Respecting differences.

                                              Respecting differences.

Tolerance has a wider or more common meaning, respecting differences, which prevails healthy and positive communion. It signifies respect for beliefs and practices, which may differ from one’s own and willingness to try and understand why people think and feel differently. It means the capacity to treat such people with dignity and the ability to hold on to one’s own convictions while accepting the right of others to hold on to their own.

Tolerance is recognition of differences but not acquiescence. Tolerance helps to keep society together, even when it may be driven by conflicts. Conflicts can be resolved if there is a general agreement that can be dealt with in a peaceful and tolerant manner. In fact, democracy is hard, if not impossible to sustain, if people are not generally committed to the principle of tolerance.

A tolerant individual does not supress ideas he dislikes or disagrees with. By extension tolerant society gives free play to a number of oposing ideas and it extends right to all individuals. Tolerance accords the people freedom to speak, criticise and oppose.

At a certain point tolerance is a personal virtue and at another it would be an absolute prerequisite for peaceful co-existence. In tolerance, as the world is rapidly beginning to realise, is the path to war and disorder.However, no correlation can be drawn between being religious and being intolerant. Mahatma Gandhi stands as a good example of someone who was deeply religious and profoundly tolerant. Dogmatism and disregard for human rights such as freedom of expression have sometimes been a result of Leftist intolerance.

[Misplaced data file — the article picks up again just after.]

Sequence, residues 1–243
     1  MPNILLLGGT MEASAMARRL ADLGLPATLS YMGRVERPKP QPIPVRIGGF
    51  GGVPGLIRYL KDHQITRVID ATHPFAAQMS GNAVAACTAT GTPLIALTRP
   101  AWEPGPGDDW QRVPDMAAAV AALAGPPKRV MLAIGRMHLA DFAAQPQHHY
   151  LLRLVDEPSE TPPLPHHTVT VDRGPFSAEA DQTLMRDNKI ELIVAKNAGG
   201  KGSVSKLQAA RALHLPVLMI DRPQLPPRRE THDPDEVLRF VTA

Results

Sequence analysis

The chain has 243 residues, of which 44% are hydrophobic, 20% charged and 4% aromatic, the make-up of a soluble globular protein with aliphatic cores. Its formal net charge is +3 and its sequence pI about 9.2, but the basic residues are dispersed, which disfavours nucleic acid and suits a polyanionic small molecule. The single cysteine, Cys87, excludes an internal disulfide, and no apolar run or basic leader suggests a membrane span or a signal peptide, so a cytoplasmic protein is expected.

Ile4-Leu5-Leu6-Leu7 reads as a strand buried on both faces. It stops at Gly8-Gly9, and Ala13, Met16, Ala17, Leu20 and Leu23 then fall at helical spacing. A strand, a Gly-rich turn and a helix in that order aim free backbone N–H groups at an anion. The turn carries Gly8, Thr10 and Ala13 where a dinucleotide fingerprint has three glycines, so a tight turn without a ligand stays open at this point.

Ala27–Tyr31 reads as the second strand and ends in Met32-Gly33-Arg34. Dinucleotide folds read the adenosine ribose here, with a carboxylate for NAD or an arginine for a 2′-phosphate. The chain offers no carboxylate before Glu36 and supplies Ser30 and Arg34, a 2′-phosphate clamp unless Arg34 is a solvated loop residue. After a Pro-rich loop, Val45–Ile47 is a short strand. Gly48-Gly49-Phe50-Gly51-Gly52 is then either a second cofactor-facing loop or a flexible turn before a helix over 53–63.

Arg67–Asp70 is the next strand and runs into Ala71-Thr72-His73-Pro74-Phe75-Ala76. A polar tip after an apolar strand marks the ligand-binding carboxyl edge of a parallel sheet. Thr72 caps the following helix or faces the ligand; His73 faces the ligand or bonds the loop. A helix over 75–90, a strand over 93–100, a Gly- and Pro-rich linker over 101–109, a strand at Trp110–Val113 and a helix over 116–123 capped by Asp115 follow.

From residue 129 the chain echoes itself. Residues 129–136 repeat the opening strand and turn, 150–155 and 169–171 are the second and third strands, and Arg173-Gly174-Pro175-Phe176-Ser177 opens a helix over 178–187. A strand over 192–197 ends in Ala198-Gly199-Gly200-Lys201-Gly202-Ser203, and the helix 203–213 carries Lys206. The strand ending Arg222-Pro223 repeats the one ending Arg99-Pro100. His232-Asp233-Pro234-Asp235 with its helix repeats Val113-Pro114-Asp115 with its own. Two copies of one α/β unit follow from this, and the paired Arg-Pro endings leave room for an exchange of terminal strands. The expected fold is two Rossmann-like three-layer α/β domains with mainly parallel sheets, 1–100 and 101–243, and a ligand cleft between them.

Looked at in this manner, tolerance is product of recognition that man has a tendency to be dogmatic. Tolerance is essential for success. In fact, the very survival of a nation which may have diversy in it’s cultural, social and relligious character in any parts of the world.  The declaration of the principles of tolerance were signed by UNESCO long long back.

Fighting intolerance is a complex issue.

As an idea, tolerance often comes under attack from certain quarters. It is painted as a weak concept, a monk of false civility and – as chesterton put it – a sign of not believing passionately about any thing.

It tests our ability to stand by our convictions even as we allow others to adhere to their own.


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8 Responses to Respecting differences.

  1. I nominated you for the “Blog of the Year 2012” award. Please go to and go to this link at

  2. I believe that we spread tolerance by embodying it in ourselves and eradicating all intolerance in ourselves – I see that the more I allow my Inner Essence to come into my consciousness, the more I open up to all aspects of Life, no matter what the preferences of my “ego” may have been. Thank you for this post, Dear Rao!
    Wishing you all Love for this 12-21-12 time!

  3. Very well written. Thank you for this thought provoking post about respecting differences.
    Wishing you all the best.

  4. Good one Dad…Congratulations for getting nominated for the Blog of The Year status!!!

  5. SirenaTales says:

    Thank you for this thoughtful and inspiring post. Tolerance: YES!

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